“John Doe” search warrants are commonplace in state prosecutions, and as federal prosecutors continue to adopt criminal cases investigated by state law enforcement officers, defense counsel will see more “John Doe” warrants being litigated in federal court. While “John Doe” warrants are not per se prohibited in federal court, United States v. Glover is an example of their limitations.
In Glover, a Chicago Police officer obtained a “John Doe Warrant” by bringing his informant before a state court judge and swearing out an affidavit detailing the information provided by the informant. While informants that serve as John Does often have sketchy backgrounds (e.g. gang membership, working off their own charges, etc.), part of the perceived reliability of the information is that John Doe is present before the reviewing state court judge. While the officer in Glover did just that (brought John Doe with him), the officer failed to include any detail about Doe’s background that would reflect on his credibility such as his gang membership, has status as a paid informant, his criminal background – all factors that were disclosed in the district court after the suppression issue was raised by counsel. Because of this complete lack of background information, the Seventh Circuit found the warrant constitutionally deficient. Ultimately, the Seventh Circuit remanded the case to the district court to determine whether Leon’s good faith exception applies.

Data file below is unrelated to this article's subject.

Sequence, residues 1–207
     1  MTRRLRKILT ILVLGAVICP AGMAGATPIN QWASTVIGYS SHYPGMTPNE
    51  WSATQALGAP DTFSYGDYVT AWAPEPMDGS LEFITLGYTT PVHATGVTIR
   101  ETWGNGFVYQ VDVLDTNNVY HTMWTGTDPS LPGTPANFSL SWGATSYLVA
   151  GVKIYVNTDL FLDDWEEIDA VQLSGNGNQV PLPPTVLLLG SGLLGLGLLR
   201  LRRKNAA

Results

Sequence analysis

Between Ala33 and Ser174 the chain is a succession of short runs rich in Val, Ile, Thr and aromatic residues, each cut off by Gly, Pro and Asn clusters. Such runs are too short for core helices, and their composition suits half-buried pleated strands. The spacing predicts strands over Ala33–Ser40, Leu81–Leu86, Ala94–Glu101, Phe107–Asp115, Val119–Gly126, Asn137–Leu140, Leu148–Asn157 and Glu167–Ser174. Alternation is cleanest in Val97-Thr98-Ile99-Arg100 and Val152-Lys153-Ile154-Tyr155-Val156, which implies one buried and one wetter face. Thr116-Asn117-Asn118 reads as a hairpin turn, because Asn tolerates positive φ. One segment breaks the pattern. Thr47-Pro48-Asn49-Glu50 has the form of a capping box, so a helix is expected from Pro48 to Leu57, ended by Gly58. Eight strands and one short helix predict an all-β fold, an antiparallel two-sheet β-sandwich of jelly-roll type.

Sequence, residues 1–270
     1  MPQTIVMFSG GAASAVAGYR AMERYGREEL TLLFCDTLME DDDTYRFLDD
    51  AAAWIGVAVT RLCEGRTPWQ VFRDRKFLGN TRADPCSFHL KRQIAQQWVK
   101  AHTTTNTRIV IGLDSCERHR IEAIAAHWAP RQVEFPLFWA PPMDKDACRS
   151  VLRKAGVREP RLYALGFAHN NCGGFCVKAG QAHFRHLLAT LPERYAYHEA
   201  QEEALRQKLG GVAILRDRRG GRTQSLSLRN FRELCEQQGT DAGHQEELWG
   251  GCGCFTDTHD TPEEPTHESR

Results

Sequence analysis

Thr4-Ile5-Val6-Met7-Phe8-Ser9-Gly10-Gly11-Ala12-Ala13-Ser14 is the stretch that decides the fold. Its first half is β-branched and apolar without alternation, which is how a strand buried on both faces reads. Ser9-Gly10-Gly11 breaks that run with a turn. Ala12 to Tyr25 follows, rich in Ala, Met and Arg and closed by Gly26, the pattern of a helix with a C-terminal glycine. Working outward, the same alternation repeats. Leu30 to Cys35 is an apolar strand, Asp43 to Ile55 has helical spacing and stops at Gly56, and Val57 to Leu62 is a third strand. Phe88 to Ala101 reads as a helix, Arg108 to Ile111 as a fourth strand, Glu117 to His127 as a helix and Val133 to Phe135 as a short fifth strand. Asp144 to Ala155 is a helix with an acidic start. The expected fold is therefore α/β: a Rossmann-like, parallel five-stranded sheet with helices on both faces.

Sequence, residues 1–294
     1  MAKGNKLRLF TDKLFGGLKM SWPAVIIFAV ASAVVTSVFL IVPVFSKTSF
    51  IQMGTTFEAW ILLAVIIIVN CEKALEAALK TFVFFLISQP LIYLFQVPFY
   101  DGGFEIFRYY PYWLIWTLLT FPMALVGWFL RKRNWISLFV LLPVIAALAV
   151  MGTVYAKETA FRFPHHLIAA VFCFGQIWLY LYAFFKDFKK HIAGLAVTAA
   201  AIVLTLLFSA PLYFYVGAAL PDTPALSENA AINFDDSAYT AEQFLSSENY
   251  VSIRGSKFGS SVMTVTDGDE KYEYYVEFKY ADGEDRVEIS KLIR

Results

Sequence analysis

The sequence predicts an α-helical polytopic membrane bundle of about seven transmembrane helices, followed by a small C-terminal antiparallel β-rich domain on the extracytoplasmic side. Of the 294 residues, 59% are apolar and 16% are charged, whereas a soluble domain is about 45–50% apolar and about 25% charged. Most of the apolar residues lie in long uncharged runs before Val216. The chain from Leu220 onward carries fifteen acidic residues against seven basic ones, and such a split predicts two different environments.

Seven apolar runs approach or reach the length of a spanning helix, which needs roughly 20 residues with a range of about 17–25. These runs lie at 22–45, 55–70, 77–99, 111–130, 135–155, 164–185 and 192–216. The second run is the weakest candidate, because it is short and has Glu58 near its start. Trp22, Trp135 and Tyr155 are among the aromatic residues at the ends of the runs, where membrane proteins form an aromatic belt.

Glover does not break new ground as much as it reflects the need to remain vigilante in identifying and advocating basic Fourth Amendment principles in district court proceedings.